The census of 1881 shows that the family continued to live in Alveston. Thomas Stephens was aged 51. Charles was aged 13 and still at school. He had a sister Sarah who was a dressmaker. We believe that Sarah Stephens married John Isaac Phillips in 1883. John Phillips became the innkeeper at the Wheatsheaf in Chapel Street by 1894.
It seems likely that Thomas Stephens’ health problems continued.
Possibly when Thomas Stephens was admitted to hospital Elizabeth seems to have moved into 10A Chapel Street as her name appears in the rate book of 1887. Thomas died in the Union Hospital (the Workhouse Hospital) aged 60 on 3rd October 1888. The record says that he was “buried by son.” We assume this means at his son’s expense.
After the death of Thomas Stephens his widow Elizabeth and their son Charles moved into 14 Chapel Street (as it later became known). This was probably around 1890 and possibly soon after the death of the previous occupant in 1889. Charles Stephens had a change of occupation and instead of being a general labourer he seems to have worked in a coal yard. It is possible that this coal yard was the one in Chapel Street next to the Wheatsheaf, which was run by his brother in law, although we have no confirmation that it was the same coal yard.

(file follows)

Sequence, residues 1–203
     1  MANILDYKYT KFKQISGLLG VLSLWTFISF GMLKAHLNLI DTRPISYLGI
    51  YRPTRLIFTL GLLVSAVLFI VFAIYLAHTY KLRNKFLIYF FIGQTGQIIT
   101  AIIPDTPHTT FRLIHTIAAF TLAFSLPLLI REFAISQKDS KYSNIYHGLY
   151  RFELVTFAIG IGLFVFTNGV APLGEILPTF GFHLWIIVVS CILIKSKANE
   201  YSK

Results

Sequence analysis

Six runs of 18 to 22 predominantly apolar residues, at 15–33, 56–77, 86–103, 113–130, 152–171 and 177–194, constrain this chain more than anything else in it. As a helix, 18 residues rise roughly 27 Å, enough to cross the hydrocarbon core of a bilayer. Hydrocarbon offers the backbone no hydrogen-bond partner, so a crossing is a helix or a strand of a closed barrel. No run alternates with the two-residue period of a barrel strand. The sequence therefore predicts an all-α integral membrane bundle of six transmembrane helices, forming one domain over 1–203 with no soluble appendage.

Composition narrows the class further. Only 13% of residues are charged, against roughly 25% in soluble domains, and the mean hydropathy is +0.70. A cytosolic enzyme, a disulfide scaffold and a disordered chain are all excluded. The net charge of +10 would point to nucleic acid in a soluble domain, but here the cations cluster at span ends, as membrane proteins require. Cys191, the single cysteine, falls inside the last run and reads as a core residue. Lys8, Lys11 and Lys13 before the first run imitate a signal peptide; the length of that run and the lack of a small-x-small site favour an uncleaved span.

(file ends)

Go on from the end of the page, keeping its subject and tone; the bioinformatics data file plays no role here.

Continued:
The 1901 census shows that Charles then aged 36 was a foreman in a coal yard. He was a single man living in four rooms with his widowed mother then aged 81. The 1905 rate book confirms that Charles was a tenant of James Martin. By 1910 James Martin had died and Charles was paying rent to Mrs Martin.
The 1911 census shows that Charles now aged 43 was continuing to live here with his widowed mother.
On 25th January 1914 he married a widow Elizabeth Prewett at the Tyndale Baptist Chapel, Whiteladies Road, Clifton. Elizabeth and Charles lived at 6 Grove Road, Redland. Charles’s mother Elizabeth seems to have continued to live in Thornbury as her death was registered there in 1917 aged 96. Charles Stephens is not an uncommon name but is possible that Charles died in 1948 aged 78. His widow Elizabeth died in Bristol on 20th October 1950 aged 92.